Webster Elementary School turned the big 50 and looked not very different from when it opened its doors in 1949 to 120 students, a teaching staff of four and six classrooms.

As part of its investigation into possible campaign finance violations during the last City Council race, the FPPC subpoenaed financial records and donor lists from Segel and his Citizens Group, who promptly filed a motion in court to block the subpoenas. Their attorney, Brad Hertz, charged, “The issuance of the subpoenas is in violation of the rights of Malibu citizens, who have never injected themselves into the political campaign process.”

April 1999

After fits and starts, the Bluffs Park playing fields, which had undergone a highly controversial renovation and several rain delays, were ready for the start of Little League season. Even with the fields back in service, there was a shortage of playing fields, and the softball diamonds at Malibu High School were recruited into service. The soccer teams split their play, with half the games at Bluffs Park and half at the high school, if the fields were available.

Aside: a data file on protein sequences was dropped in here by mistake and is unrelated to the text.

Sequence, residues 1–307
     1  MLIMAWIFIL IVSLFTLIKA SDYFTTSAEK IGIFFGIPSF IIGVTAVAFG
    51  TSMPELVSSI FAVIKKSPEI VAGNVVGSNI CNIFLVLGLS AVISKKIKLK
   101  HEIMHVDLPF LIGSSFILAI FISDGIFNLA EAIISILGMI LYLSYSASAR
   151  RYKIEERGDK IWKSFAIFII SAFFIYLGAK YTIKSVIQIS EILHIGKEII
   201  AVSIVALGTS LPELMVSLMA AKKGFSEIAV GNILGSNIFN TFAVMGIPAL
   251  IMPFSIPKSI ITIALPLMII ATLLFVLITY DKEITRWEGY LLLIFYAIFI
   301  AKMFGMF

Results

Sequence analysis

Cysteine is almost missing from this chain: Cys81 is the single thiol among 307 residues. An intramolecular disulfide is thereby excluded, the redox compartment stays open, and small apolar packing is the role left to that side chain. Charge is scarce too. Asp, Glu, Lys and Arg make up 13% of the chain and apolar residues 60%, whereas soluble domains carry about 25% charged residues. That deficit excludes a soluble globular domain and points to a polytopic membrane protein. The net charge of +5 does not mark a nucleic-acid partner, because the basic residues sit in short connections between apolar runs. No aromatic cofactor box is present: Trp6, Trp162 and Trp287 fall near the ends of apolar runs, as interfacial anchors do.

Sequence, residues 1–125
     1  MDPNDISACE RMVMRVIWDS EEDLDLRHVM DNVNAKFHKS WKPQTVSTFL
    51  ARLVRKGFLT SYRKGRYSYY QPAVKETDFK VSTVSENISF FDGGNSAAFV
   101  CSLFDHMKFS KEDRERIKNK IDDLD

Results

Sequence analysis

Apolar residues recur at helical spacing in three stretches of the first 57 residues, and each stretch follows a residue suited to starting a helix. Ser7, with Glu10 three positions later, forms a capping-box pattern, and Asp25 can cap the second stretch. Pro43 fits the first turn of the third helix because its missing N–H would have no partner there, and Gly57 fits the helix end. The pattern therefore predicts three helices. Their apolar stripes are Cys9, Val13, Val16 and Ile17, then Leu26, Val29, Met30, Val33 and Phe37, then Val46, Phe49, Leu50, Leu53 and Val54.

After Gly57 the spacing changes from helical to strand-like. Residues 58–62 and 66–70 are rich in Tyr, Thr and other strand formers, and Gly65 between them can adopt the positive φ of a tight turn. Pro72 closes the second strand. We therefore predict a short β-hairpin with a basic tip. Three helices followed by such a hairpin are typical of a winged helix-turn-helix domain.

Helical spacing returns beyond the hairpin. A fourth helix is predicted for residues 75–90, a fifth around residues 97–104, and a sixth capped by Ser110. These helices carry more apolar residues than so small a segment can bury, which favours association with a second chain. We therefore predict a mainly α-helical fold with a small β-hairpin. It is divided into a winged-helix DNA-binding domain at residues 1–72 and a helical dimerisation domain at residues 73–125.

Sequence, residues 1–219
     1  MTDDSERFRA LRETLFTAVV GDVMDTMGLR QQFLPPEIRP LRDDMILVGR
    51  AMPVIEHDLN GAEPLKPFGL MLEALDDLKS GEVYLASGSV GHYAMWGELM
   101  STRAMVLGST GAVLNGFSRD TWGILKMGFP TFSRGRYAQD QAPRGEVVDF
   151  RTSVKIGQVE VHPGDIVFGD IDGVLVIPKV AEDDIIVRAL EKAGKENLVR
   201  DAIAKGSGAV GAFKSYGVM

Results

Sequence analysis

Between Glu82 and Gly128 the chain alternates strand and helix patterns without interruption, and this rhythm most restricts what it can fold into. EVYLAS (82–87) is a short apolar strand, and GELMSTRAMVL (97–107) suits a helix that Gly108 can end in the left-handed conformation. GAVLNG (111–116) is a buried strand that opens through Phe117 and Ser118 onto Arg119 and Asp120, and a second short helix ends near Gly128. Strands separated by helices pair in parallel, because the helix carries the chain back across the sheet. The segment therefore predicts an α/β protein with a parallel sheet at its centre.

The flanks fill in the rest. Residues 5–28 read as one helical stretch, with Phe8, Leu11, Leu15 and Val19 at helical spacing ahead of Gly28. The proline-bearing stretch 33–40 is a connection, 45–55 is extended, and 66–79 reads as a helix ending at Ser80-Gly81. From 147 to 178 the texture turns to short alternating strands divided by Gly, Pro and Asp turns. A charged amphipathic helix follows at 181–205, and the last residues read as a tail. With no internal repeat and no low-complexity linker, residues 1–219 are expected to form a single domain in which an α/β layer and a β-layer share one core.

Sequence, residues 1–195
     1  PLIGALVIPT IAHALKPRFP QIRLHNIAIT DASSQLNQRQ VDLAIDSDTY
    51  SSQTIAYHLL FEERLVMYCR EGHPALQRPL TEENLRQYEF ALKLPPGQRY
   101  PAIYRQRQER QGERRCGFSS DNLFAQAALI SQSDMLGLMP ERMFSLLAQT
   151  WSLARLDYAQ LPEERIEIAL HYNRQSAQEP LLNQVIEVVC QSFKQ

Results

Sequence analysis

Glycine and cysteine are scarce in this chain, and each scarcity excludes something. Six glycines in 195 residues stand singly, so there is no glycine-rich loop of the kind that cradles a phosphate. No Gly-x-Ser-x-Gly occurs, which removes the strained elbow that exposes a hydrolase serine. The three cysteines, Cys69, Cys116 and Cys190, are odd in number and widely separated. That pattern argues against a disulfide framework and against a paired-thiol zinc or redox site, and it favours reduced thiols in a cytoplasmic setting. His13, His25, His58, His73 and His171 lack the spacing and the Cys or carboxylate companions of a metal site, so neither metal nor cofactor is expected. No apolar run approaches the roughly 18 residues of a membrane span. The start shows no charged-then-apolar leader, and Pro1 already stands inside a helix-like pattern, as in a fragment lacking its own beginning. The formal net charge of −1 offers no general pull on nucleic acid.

A 7:30 a.m. blast at Tivoli Cove Condominiums, caused by a leak from a gas fireplace, blew out large windows in two units and narrowly missed some residents. Fortunately in one condo, a family who had moved in only two days before were sleeping on futons because their furniture hadn’t yet arrived from storage. “When gas is leaking, it doesn’t take much of a spark — a light switch, a heater switching on or off, even static electricity,” to ignite the gas, said Fire Capt. Don Schwaiger.

The investigation by the FPPC into the circumstances of the 1998 City Council election took a sudden, unexpected turn with the introduction of the name of megastar and Point Dume resident Barbra Streisand into the controversy.